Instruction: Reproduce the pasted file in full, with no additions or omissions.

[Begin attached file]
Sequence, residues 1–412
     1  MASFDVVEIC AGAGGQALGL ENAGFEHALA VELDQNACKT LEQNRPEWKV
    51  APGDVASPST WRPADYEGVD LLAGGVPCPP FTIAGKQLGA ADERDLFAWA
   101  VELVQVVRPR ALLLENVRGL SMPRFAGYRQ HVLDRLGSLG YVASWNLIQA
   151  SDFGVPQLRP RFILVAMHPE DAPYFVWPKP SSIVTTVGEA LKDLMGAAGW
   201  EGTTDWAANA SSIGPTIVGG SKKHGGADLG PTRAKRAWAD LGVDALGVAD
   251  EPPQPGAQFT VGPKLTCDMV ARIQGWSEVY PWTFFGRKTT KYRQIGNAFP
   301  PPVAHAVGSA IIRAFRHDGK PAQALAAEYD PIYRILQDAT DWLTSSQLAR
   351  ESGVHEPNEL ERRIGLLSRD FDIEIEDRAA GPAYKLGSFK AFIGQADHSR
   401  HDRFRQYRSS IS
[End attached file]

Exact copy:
Sequence, residues 1–412
     1  MASFDVVEIC AGAGGQALGL ENAGFEHALA VELDQNACKT LEQNRPEWKV
    51  APGDVASPST WRPADYEGVD LLAGGVPCPP FTIAGKQLGA ADERDLFAWA
   101  VELVQVVRPR ALLLENVRGL SMPRFAGYRQ HVLDRLGSLG YVASWNLIQA
   151  SDFGVPQLRP RFILVAMHPE DAPYFVWPKP SSIVTTVGEA LKDLMGAAGW
   201  EGTTDWAANA SSIGPTIVGG SKKHGGADLG PTRAKRAWAD LGVDALGVAD
   251  EPPQPGAQFT VGPKLTCDMV ARIQGWSEVY PWTFFGRKTT KYRQIGNAFP
   301  PPVAHAVGSA IIRAFRHDGK PAQALAAEYD PIYRILQDAT DWLTSSQLAR
   351  ESGVHEPNEL ERRIGLLSRD FDIEIEDRAA GPAYKLGSFK AFIGQADHSR
   401  HDRFRQYRSS IS